euchromatic pairing. Proteins are grouped based on either a known function or localization pattern. Candidate pairing promoters found to elicit RNAi
phenotypes dependent on Cap-H2 are presented as potential condensin II regulators (question marks). Note one dsRNA targets both CG42550 and
CG14463 (separated by comma). b, Model for how compaction and intrachromosomal interactions compete with homolog pairing. Although all
chromosomal regions may transiently unpair prior to or during S-phase, homolog pairing (red circles) of heterochromatic centromeric regions (grey
lines) may be in competition with intrachromosomal interactions (black circles), causing pairing to occur less often, more slowly, or with less stability
than homolog pairing of less compacted euchromatic regions (blue lines), where the paucity of repeated sequences reduces the likelihood of
intrachromosomal interactions. This figure is not meant to imply a causal or dependent relationship between heterochromatic and euchromatic
pairing, although such a relationship may exist. c, Model for pairing through the cell cycle. Proper spindle formation and chromosome segregation
during anaphase/telophase of mitosis may bundle centromeric heterochromatic regions to spindle poles and directly facilitate or accelerate homolog
recognition. Such interactions would then be maintained through G1. During S-phase, however, the pairing of regions is perhaps more dynamic,
becoming antagonized and then re-paired subsequently. In this case, not all pairing interactions would be reestablished until the following mitosis.
Euchromatic pairing is not depicted.
Screen for Somatic Pairing Genes
PLoS Genetics | www.plosgenetics.org14 May 2012 | Volume 8 | Issue 5 | e1002667
model, slmb RNAi also resulted in smaller nuclear volumes, a
phenotype dependent on Cap-H2 and characteristic of hypercon-
densation. Alternatively, the role of SCF in pairing may be linked
to its role in cell cycle regulation, with knockdown causing an
enrichment of stages where pairing is normally reduced.
Additional dsRNAs whose FISH phenotypes were dependent
on Cap-H2 included those targeting genes known to be involved in
mitotic spindle organization or cytokinesis, such as polo and pav.
Interestingly, while Cap-H2 co-depletion suppressed the pairing
phenotype following polo and pav knockdown, only a mild
reduction in the frequency of large nuclei was observed. Thus,
the increased nuclear volumes and multi-nucleated cells (both
characteristic of cytokinesis defects) in the double knockdowns
confirms that pairing can accommodate larger nuclear volumes
and, likely, extra chromosomal copies. Although the relationship
between cap-H2 and these pairing promoters remains to be
elucidated, our findings argue that these factors may lead to a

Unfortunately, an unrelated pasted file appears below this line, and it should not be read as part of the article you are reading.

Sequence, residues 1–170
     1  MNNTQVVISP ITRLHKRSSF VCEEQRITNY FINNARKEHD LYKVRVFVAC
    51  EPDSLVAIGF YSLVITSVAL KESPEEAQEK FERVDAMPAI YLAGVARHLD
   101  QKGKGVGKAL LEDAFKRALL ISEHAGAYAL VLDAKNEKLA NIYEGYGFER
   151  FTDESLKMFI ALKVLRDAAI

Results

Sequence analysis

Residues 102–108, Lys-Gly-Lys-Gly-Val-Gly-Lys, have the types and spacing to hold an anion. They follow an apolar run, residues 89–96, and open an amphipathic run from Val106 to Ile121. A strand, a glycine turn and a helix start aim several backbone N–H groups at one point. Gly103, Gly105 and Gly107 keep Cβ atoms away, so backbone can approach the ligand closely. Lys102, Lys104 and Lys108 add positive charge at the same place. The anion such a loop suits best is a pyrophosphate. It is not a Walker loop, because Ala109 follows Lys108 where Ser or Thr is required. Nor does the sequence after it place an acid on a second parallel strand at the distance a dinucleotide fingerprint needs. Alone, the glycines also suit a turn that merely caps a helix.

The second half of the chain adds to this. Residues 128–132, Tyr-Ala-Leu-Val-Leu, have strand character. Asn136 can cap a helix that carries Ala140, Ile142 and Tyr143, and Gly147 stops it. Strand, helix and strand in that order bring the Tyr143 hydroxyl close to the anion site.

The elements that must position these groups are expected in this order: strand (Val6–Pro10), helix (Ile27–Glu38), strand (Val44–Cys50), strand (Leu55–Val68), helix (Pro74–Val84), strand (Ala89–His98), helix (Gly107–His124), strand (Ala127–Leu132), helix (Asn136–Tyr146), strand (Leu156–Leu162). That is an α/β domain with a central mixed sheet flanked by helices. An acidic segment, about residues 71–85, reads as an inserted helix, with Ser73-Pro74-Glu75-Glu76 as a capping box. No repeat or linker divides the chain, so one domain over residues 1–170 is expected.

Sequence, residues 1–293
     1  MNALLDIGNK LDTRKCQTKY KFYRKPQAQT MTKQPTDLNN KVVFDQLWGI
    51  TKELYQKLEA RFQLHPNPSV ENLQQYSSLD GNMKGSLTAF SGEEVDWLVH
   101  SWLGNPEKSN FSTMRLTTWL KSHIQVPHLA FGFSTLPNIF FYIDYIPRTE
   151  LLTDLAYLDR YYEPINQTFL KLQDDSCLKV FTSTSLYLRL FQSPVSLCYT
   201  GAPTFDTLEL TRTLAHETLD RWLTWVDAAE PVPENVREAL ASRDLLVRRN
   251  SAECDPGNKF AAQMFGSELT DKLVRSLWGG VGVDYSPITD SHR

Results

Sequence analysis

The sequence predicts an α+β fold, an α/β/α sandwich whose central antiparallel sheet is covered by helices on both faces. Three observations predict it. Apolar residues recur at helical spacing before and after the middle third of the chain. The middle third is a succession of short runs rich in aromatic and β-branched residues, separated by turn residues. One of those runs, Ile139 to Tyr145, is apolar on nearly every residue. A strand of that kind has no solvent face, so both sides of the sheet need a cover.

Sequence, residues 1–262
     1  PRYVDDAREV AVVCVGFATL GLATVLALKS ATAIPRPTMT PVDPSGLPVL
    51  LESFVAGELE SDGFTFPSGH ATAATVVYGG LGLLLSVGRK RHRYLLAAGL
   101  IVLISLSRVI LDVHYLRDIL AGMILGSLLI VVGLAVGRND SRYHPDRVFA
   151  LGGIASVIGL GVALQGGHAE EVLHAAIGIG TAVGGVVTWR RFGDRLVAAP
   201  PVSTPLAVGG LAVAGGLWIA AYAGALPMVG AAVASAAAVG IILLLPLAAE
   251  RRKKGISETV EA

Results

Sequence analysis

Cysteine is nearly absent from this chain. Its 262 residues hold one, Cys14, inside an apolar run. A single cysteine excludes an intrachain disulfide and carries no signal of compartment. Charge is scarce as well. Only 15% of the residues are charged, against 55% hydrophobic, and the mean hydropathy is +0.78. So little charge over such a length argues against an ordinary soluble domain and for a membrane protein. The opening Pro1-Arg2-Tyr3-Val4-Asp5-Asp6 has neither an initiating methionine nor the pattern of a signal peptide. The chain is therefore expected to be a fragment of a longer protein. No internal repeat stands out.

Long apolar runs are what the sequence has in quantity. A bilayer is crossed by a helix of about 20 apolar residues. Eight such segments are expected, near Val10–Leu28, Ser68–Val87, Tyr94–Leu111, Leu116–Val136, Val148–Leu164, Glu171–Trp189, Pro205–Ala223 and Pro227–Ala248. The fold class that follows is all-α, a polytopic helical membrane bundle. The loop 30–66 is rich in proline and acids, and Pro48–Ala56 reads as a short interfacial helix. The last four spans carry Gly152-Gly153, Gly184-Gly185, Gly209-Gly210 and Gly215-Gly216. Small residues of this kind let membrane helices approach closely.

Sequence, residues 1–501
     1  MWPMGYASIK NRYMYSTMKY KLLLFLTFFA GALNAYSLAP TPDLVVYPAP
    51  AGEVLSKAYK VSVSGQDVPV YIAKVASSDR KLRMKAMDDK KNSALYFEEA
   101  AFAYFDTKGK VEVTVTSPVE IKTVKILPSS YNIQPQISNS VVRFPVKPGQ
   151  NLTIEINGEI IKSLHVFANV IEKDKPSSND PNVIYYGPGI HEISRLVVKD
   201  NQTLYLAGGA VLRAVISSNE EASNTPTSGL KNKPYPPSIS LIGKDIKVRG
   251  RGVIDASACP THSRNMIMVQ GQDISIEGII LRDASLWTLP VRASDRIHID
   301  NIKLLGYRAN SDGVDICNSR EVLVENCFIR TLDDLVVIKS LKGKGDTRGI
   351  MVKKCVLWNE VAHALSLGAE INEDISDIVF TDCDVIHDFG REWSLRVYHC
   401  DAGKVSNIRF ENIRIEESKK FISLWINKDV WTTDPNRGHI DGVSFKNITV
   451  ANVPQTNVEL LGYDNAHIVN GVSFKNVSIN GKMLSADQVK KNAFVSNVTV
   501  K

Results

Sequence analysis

disruption in pairing by modulating condensin II activity and/or
inhibiting the activity of proteins necessary for decondensation at
the end of mitosis.
We note an alternative model in which the consequences of
depleting pairing promoters can be countered by the loss of
condensin II. For example, the role of condensin II in resolving
DNA catenations suggests that pairing may involve DNA
catentation and, if so, cap-H2 RNAi may suppress unpairing
simply by precluding paired homologs from decatenating.
Considering that mitotic spindle forces are required for the
resolution of DNA catenations , this interpretation suggests
that co-oriented and catenated homologs attached to the same
spindle pole might remain catenated and therefore paired into the
next cell cycle by escaping antagonizing spindle forces. In light of
this, those gene knockdowns that disrupt spindle stability (e.g. pav
RNAi) could create new antagonizing forces against homologous
chromosomes and thus aberrantly remove any residual catenations
or pairing interactions. In the absence of condensin II, however,
the accumulation of DNA catenations between homologous
chromosomes may enhance pairing and prevent homolog
Potential models for somatic pairing
Of the candidate pairing promoters, 27 had RNAi phenotypes
that were not dependent or only partially dependent on Cap-H2
activity (Figure 7, Table S5). This ‘condensin-independent’ class
includes members of the APC, components of the CPC, and
proteins involved in spindle organization, chromosome alignment,
and cytokinesis. Perhaps the most surprising feature of these results
is the level of conservation among these genes; 25 out of 27 of
these candidate pairing promoters have putative human orthologs
(Table S5), possibly suggesting that eukaryotes have generally
retained the mechanism and therefore ability to pair homologs.
Our identification of mitotic regulators is consistent with a
critical step of pairing occurring during mitosis, with anaphase